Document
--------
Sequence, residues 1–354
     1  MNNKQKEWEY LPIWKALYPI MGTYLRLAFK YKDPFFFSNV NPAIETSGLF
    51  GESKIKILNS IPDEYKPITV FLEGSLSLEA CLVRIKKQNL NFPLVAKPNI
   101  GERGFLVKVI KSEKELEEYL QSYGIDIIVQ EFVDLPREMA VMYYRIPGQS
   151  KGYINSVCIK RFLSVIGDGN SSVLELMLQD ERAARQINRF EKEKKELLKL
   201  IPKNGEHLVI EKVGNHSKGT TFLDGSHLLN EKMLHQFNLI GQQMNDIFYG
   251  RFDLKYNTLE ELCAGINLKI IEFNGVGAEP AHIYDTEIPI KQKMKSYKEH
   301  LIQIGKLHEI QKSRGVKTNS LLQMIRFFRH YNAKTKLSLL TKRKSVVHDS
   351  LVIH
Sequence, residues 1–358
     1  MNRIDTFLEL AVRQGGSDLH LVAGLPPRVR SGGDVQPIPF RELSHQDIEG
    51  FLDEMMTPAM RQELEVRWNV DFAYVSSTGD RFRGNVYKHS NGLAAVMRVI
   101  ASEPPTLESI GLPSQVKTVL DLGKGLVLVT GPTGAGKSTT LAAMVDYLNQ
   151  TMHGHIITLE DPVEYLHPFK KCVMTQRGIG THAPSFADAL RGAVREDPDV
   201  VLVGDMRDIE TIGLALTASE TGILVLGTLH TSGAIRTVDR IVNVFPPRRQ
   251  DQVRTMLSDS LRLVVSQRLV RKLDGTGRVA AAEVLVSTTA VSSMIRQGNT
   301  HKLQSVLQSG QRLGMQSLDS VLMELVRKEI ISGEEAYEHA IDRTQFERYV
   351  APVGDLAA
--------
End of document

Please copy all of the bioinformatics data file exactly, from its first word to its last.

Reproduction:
Sequence, residues 1–354
     1  MNNKQKEWEY LPIWKALYPI MGTYLRLAFK YKDPFFFSNV NPAIETSGLF
    51  GESKIKILNS IPDEYKPITV FLEGSLSLEA CLVRIKKQNL NFPLVAKPNI
   101  GERGFLVKVI KSEKELEEYL QSYGIDIIVQ EFVDLPREMA VMYYRIPGQS
   151  KGYINSVCIK RFLSVIGDGN SSVLELMLQD ERAARQINRF EKEKKELLKL
   201  IPKNGEHLVI EKVGNHSKGT TFLDGSHLLN EKMLHQFNLI GQQMNDIFYG
   251  RFDLKYNTLE ELCAGINLKI IEFNGVGAEP AHIYDTEIPI KQKMKSYKEH
   301  LIQIGKLHEI QKSRGVKTNS LLQMIRFFRH YNAKTKLSLL TKRKSVVHDS
   351  LVIH
Sequence, residues 1–358
     1  MNRIDTFLEL AVRQGGSDLH LVAGLPPRVR SGGDVQPIPF RELSHQDIEG
    51  FLDEMMTPAM RQELEVRWNV DFAYVSSTGD RFRGNVYKHS NGLAAVMRVI
   101  ASEPPTLESI GLPSQVKTVL DLGKGLVLVT GPTGAGKSTT LAAMVDYLNQ
   151  TMHGHIITLE DPVEYLHPFK KCVMTQRGIG THAPSFADAL RGAVREDPDV
   201  VLVGDMRDIE TIGLALTASE TGILVLGTLH TSGAIRTVDR IVNVFPPRRQ
   251  DQVRTMLSDS LRLVVSQRLV RKLDGTGRVA AAEVLVSTTA VSSMIRQGNT
   301  HKLQSVLQSG QRLGMQSLDS VLMELVRKEI ISGEEAYEHA IDRTQFERYV
   351  APVGDLAA